It’s fitting that this week’s episode of The Amazing Race: Canada featured cars with manual transmissions, because there’s no better way to describe our teams than with hackneyed manual-transmission metaphors. (Hey, if you’re going to go on The Amazing Race, you’ve got to learn how to drive a stick shift, and if you’re going to write about The Amazing Race, you’ve got to have an arsenal of hokey travel metaphors. That’s the way of the world.) Two teams spent the entire leg in high gear, one team coasted in low gear, and one team stalled out—both literally AND figuratively.
The fact that nobody got eliminated this week was not a shocker if you’re keeping track of how many episodes remain. It was coming either this week or next. I suspect even the teams knew that on some level. What I did not expect was that this leg was not technically a non-elimination leg, but the first half of a two-part superleg.A long but manageable leg.[/caption]
As I have most likely mentioned before, the superleg was conceived almost by accident way back in Season 6 of the U.S. edition. Back then, teams who came in last on a non-elimination leg had to give up all of their money and luggage. This forced them to beg other teams and locals for enough money to pay for taxis and incidentals. But when the Race planners envisioned a non-elimination leg in Hungary, only to discover that begging is illegal there, they had to come up with something else on the fly. The superleg (or, in some circles, the uberleg) was born, and much like the accidental invention of the potato chip, Silly Putty, and Teflon, it turned out to be serendipity.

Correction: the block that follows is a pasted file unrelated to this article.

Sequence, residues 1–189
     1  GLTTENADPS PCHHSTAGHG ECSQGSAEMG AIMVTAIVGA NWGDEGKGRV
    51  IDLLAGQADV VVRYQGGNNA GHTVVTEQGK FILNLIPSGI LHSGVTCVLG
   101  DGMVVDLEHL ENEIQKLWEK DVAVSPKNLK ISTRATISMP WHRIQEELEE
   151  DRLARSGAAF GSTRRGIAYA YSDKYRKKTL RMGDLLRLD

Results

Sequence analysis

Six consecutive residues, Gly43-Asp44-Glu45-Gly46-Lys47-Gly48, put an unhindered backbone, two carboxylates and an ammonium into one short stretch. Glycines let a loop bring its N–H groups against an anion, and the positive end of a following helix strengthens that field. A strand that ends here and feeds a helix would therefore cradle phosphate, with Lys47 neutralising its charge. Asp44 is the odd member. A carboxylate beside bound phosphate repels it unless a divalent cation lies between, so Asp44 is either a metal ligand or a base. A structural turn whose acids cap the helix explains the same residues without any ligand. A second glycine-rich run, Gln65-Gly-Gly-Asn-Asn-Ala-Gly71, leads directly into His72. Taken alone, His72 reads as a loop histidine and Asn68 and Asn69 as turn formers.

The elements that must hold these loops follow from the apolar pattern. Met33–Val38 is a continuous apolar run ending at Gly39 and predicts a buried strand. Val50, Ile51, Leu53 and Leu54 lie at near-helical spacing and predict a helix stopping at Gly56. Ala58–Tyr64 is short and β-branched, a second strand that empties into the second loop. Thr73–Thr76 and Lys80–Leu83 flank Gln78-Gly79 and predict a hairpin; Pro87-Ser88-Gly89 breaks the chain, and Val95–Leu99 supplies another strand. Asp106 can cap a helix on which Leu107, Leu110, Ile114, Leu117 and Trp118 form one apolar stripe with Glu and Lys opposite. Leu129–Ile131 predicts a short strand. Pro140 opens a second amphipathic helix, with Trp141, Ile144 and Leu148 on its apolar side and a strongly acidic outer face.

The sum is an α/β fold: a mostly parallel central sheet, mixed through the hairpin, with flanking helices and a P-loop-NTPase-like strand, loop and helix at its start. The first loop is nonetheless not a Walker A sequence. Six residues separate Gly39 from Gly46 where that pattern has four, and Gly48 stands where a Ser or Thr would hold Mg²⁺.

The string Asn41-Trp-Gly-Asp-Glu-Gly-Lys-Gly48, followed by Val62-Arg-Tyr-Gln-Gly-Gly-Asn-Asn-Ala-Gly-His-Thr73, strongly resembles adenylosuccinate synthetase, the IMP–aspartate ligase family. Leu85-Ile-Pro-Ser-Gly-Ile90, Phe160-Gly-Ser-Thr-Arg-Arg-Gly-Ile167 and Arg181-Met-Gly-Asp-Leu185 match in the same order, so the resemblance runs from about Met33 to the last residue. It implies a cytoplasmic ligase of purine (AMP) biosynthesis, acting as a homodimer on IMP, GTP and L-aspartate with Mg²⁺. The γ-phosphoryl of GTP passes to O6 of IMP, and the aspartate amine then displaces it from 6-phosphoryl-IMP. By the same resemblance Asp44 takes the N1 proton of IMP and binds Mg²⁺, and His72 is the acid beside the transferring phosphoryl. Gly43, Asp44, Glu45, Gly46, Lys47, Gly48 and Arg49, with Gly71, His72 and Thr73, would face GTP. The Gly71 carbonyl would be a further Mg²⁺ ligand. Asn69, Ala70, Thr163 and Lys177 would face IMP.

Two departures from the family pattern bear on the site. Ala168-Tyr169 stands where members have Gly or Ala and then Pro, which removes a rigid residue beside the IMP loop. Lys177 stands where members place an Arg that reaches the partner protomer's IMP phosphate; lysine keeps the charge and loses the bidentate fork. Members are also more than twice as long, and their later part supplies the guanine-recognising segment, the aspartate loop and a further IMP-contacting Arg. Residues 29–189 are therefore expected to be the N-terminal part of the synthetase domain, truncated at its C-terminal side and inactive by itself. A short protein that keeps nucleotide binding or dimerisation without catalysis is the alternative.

Eventually, after some trial and error, the Race hit upon the Speed Bump as a non-elimination penalty, which took away all the awkwardness of begging and all the boringness of waiting out penalties. But now Race brass also had the superleg in their back pocket, and they continue to deploy it every now and again to keep us all on our toes.
Personally, while both have their place, I prefer the superleg to the non-elimination, especially this late in the Race. It’s fun to watch teams leave it all out on the field thinking the pit stop (and, more importantly, a 12-hour-or-so break) awaits them, only to be told they are still racing.